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Publication numberUS20050095830 A1
Publication typeApplication
Application numberUS 10/967,644
Publication dateMay 5, 2005
Filing dateOct 15, 2004
Priority dateOct 17, 2003
Publication number10967644, 967644, US 2005/0095830 A1, US 2005/095830 A1, US 20050095830 A1, US 20050095830A1, US 2005095830 A1, US 2005095830A1, US-A1-20050095830, US-A1-2005095830, US2005/0095830A1, US2005/095830A1, US20050095830 A1, US20050095830A1, US2005095830 A1, US2005095830A1
InventorsTimothy Weidman, Zhize Zhu
Original AssigneeApplied Materials, Inc.
Export CitationBiBTeX, EndNote, RefMan
External Links: USPTO, USPTO Assignment, Espacenet
Selective self-initiating electroless capping of copper with cobalt-containing alloys
US 20050095830 A1
Abstract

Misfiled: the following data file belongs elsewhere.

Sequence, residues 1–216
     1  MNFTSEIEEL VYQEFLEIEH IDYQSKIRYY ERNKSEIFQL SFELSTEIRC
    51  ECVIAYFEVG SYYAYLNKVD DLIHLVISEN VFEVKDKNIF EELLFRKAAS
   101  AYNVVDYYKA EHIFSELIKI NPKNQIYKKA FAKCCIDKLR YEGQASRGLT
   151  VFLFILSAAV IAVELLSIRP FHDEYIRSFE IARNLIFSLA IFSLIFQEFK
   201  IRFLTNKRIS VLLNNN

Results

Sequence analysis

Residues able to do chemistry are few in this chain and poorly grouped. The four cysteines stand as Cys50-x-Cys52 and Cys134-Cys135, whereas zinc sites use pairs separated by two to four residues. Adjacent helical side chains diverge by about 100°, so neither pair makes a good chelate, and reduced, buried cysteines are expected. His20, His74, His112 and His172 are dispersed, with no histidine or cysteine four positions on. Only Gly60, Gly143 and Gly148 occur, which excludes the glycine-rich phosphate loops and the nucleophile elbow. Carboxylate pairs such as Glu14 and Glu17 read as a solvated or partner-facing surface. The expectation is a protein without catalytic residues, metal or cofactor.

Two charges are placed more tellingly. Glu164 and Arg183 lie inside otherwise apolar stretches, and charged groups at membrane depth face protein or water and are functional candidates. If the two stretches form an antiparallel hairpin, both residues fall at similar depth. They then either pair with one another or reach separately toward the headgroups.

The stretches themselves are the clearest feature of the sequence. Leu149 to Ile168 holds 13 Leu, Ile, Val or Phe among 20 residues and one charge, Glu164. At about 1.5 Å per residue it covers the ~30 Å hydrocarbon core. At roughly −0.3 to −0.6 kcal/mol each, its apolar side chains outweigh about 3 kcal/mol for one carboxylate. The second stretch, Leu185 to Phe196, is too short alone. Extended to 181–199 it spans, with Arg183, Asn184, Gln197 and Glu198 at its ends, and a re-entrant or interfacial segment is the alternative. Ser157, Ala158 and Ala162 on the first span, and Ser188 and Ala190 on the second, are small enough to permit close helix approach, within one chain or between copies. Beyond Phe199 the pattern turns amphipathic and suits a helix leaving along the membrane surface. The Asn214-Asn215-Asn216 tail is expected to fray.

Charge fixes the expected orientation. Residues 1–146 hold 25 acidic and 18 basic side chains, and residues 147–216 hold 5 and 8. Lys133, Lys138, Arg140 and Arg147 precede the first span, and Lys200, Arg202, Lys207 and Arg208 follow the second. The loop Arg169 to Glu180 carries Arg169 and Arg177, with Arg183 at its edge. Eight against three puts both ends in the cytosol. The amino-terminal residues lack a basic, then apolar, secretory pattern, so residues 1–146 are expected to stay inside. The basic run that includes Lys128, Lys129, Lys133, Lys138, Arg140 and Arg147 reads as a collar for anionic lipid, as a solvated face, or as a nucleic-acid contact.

Embodiments of the invention generally provide compositions of plating solutions, methods to mix plating solutions and methods to deposit capping layers with plating solutions. The plating solutions described herein may be used as electroless deposition solutions to deposit capping layers on conductive features. The plating solutions are rather dilute and contain strong reductants to self-initiate on the conductive features. The plating solutions may provide in-situ cleaning processes for the conductive layer while depositing capping layers free of particles. In one embodiment, a method for forming an electroless deposition solution is provided which includes forming a conditioning buffer solution with a first pH value and comprising a first complexing agent, forming a cobalt-containing solution with a second pH value and comprising a cobalt source, a tungsten source and a second complexing agent, forming a buffered reducing solution with a third pH value and comprising a hypophosphite source and a borane reductant, combining the conditioning buffer solution, the cobalt-containing solution and the buffered reducing solution to form the electroless deposition solution. The electroless deposition solution includes the cobalt source in a concentration range from about 1 mM to about 30 mM, the tungsten source in a concentration range from about 0.1 mM to about 5 mM, the hypophosphite source in a concentration range from about 5 mM to about 50 mM, the borane reductant in a concentration range from about 5 mM to about 50 mM, and has a total pH value in a range from about 8 to about 10.